David Burney, FAIA

Burney is receiving a 2011 Thomas Jefferson Award based on his career as a public official or other individual who by their role of advocacy have furthered the public’s awareness and/or appreciation of design excellence.

In the world capital of design, David Burney has tirelessly raised architecture standards and expectations for two major New York City government agencies. For the New York City Housing Authority (NYCHA), the nation’s largest public housing agency, and the city’s Department of Design and Construction (DDC)--which is responsible for building all of the city’s municipal facilities-- Burney has continually raised the bar for design excellence, offering new resources for designers and new experiences of quality public architecture for city residents.

Burney began his career in private architectural practice, but in 1990 he became the director of design and capital improvement at the housing authority. While there, Burney re-oriented the agency’s design process away from the narrowly focused lowest-bidder budget constraints that had produced decades of grim, unsightly, and poorly functioning affordable housing. With Burney’s leadership, NYCHA focused on producing memorable, quality architecture. He established new processes and criteria for developer proposals and for architects’ designs. He also led programming research on how residents use their affordable housing units in order to make them more functional. While at the NYCHA, Burney oversaw the renovation and construction of 100 community centers, often attached to affordable housing developments. These centers of community engagement became beacons of support in some of the city’s poorest neighborhoods.

In 2004 Burney moved on to head the DDC, with a staff of 1,200 and an ongoing $5.7 billion capital investment program. This agency is responsible for building city facilities like libraries, courthouses, fire stations, and police precincts. Championed by his boss, Mayor Michael Bloomberg, Burney was tasked with executing the agency’s Design and Construction Excellence Initiative. Again, Burney was asked to raise the standards people had come to expect from public architecture, focusing on quality, not simply economical fees and low budgets. To accomplish this, Burney developed a new peer review process. He also dramatically increased the breadth and diversity of architecture firms hired by the city, paying special attention to small firms, and especially women and minority-owned companies.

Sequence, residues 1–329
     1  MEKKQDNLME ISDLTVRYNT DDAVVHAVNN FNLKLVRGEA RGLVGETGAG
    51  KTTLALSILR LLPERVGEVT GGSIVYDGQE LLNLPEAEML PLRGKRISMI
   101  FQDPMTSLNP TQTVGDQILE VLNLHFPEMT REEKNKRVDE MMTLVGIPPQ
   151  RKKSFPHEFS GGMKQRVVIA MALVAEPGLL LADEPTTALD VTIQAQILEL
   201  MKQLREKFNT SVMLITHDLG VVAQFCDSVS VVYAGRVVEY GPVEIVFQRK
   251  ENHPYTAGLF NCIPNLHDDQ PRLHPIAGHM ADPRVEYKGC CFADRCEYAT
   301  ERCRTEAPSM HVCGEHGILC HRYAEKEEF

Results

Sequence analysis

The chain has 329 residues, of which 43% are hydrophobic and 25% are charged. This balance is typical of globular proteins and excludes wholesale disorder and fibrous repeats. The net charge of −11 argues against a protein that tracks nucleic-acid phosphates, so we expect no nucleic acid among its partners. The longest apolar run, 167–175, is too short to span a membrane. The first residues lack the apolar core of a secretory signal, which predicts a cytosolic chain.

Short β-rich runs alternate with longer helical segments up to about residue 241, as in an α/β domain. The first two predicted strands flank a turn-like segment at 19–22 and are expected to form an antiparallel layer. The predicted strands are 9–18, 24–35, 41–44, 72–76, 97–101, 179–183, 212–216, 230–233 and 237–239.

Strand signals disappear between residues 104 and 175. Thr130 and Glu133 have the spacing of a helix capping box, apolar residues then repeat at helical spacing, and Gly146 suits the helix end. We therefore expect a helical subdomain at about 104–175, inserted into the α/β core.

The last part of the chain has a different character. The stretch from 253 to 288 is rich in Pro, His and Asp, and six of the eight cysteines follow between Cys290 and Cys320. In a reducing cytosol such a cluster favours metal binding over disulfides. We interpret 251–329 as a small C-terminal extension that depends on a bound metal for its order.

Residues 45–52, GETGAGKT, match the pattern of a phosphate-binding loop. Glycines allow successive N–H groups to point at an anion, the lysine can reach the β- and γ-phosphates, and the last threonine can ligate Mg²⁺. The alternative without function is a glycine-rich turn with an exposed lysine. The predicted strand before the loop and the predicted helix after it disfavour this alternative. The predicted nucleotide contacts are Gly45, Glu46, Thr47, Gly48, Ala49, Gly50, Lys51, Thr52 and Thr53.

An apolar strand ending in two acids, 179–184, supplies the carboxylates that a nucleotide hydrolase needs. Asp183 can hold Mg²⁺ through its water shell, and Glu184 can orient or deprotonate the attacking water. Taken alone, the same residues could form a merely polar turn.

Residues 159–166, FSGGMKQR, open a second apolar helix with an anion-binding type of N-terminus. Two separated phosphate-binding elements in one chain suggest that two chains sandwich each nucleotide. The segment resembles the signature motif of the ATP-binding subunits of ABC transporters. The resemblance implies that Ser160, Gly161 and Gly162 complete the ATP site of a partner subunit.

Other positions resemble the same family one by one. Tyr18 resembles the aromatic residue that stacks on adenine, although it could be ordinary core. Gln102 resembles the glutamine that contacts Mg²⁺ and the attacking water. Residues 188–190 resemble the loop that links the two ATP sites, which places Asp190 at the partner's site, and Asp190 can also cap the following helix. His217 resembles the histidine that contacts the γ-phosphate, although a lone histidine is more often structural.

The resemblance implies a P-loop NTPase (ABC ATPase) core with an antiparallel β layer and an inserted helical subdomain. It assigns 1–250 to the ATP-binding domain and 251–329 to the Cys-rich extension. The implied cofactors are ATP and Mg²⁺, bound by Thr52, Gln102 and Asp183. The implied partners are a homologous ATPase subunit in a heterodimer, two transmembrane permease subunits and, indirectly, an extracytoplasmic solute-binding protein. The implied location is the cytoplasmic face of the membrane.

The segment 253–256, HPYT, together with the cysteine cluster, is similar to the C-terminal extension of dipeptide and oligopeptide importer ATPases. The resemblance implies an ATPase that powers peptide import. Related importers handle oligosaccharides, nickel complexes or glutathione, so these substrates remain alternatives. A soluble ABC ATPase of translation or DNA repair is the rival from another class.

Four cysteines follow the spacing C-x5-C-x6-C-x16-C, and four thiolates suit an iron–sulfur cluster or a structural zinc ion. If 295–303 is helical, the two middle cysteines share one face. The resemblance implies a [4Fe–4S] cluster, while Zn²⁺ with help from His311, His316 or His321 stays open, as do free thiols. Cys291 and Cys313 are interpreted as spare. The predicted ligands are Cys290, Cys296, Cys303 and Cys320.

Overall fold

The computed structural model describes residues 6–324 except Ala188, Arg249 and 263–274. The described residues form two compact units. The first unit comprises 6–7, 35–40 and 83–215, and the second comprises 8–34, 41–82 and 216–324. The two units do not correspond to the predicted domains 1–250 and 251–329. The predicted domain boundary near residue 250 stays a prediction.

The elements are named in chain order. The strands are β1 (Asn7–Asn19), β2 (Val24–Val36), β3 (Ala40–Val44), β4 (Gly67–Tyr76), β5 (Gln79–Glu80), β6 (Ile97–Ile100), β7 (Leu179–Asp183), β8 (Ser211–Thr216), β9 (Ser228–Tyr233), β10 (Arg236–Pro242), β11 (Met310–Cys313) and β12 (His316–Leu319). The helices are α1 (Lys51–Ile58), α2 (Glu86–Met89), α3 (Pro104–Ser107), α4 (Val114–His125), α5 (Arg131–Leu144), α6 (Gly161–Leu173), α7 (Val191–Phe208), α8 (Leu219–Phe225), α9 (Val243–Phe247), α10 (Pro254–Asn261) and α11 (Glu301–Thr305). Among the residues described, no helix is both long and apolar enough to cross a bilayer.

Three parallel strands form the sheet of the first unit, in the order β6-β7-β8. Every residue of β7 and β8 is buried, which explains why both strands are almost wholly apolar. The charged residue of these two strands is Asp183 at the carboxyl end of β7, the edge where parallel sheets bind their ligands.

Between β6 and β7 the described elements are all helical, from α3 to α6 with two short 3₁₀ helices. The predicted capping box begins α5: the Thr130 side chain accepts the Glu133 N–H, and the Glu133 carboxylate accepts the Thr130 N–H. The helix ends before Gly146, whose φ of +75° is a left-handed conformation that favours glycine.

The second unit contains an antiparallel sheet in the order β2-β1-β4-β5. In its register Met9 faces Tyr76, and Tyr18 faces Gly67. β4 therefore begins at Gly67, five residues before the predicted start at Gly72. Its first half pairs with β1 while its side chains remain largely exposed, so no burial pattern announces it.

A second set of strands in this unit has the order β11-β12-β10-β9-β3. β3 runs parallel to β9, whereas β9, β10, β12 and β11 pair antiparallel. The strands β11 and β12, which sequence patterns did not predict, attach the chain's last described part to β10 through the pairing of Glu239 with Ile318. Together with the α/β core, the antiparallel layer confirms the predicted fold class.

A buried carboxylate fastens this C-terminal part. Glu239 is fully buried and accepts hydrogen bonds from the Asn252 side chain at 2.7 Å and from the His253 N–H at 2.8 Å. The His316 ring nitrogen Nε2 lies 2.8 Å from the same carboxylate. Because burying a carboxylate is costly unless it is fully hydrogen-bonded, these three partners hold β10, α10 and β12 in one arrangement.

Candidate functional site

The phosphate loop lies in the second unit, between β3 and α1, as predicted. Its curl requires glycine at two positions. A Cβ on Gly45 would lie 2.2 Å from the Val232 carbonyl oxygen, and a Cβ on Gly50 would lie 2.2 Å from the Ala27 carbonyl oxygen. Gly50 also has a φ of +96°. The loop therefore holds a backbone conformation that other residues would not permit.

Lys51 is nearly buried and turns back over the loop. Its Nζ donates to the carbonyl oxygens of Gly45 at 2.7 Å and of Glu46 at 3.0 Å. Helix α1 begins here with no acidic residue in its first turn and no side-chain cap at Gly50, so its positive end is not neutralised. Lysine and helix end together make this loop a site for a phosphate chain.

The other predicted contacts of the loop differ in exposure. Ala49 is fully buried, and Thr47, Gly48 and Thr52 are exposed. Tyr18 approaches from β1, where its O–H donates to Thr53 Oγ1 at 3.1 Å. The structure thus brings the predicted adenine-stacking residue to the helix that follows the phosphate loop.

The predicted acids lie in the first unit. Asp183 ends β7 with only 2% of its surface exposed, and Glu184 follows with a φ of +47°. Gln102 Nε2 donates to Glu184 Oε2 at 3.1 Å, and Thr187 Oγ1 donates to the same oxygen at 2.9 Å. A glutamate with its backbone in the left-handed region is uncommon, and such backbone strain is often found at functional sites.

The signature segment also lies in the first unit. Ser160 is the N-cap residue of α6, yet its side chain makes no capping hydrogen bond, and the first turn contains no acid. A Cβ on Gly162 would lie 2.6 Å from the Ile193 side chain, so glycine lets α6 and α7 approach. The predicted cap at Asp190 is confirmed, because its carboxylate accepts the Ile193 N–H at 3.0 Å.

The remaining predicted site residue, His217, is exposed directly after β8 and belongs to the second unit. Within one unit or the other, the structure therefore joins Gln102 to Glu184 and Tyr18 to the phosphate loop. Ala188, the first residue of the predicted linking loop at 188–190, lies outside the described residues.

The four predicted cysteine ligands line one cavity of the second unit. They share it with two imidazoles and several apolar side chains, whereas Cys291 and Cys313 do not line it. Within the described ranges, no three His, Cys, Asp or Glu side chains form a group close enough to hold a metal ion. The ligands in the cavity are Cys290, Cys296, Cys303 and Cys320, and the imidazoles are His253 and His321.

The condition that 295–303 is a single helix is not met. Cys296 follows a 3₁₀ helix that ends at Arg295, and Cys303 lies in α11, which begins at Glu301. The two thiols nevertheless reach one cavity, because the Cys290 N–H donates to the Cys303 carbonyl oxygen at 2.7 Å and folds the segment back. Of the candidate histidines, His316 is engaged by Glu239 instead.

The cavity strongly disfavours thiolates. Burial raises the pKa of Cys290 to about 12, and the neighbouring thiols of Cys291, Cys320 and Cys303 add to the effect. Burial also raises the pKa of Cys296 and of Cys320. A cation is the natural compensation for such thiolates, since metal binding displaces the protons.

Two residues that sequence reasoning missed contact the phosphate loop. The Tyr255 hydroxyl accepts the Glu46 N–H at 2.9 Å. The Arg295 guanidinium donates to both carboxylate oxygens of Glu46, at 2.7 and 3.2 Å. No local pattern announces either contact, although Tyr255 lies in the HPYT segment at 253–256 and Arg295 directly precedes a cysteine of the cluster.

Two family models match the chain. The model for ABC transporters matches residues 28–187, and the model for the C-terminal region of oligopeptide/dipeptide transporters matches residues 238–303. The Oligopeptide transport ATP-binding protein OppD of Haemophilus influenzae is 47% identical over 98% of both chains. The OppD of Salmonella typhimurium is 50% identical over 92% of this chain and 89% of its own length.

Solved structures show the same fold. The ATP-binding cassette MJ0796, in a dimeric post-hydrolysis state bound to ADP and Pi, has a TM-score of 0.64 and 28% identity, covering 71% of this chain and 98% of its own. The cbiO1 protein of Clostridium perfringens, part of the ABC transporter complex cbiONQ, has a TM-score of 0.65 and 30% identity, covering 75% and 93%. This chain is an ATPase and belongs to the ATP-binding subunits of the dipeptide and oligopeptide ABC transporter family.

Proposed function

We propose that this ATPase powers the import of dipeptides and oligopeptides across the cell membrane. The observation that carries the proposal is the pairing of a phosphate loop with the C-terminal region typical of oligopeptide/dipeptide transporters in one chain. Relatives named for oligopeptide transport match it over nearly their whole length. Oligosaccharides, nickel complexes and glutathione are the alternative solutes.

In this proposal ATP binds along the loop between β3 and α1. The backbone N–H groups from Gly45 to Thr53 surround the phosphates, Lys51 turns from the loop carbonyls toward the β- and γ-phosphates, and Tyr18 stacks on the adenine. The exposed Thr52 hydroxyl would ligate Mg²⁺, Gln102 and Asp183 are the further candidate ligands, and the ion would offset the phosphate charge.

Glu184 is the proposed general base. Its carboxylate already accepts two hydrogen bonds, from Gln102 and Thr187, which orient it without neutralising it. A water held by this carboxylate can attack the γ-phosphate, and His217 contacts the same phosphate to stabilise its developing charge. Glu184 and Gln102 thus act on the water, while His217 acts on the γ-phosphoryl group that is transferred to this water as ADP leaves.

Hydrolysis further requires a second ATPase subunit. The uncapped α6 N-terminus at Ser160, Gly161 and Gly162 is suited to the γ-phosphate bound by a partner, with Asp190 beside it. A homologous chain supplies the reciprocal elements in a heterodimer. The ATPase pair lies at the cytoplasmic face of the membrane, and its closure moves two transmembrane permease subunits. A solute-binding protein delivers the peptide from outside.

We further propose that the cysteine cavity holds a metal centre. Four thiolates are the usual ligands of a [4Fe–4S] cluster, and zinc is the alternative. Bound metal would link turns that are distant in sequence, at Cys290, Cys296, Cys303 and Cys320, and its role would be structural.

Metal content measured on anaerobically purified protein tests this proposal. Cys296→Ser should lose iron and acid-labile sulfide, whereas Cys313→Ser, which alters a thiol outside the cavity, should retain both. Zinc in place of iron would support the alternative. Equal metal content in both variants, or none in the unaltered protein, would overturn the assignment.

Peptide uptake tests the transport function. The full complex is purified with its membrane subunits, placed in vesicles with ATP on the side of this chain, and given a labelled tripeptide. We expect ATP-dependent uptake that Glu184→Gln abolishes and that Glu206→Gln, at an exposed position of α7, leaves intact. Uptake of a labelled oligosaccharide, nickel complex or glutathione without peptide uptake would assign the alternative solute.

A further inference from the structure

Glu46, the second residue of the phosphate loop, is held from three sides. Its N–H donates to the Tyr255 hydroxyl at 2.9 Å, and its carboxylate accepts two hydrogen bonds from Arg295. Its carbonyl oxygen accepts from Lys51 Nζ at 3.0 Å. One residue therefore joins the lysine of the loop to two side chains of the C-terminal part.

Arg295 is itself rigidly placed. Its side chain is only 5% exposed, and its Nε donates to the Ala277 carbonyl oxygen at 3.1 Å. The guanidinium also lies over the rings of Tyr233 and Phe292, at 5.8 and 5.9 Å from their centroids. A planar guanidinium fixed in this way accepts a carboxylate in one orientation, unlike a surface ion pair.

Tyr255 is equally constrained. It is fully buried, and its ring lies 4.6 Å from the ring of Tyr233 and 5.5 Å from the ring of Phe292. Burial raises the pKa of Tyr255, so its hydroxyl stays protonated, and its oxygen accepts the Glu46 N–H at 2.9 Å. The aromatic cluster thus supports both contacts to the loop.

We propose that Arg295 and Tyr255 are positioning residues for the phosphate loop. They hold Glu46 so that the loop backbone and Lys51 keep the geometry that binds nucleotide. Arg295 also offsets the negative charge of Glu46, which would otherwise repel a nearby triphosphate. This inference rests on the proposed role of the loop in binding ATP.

The quality of the work both his agencies have produced is evidenced by the many design awards their buildings have earned. Also, Burney has helped produce several sets of influential design guideline reports. The “Active Design Guidelines” report (completed with the help of AIA New York), for example, advises architects on how to create spaces that encourage physical fitness.

A recommendation letter by AIA New York Executive Director Frederic Bell, FAIA, describes the DDC before Burney. “The agency was focused on issues such as speed of construction, reacting to political pressures driven by city council term limits, and short funding cycles,” he wrote. “There was not much attention given to the quality of what was being built. Architects were treated as contractors, not fully integrated into the culture of public works. David changed all that virtually overnight.”


James Binkley, FAIA. Image courtesy of the AIA Archives.


A USPS historic Georgetown lobby. Image courtesy of Joseph Romeo.


David Burney, FAIA. Image courtesy of David Burney.


The Active Design Guidelines report, completed with the help of AIA New York. Image courtesy of David Burney.


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Visit the AIA’s Honors and Awards Web site.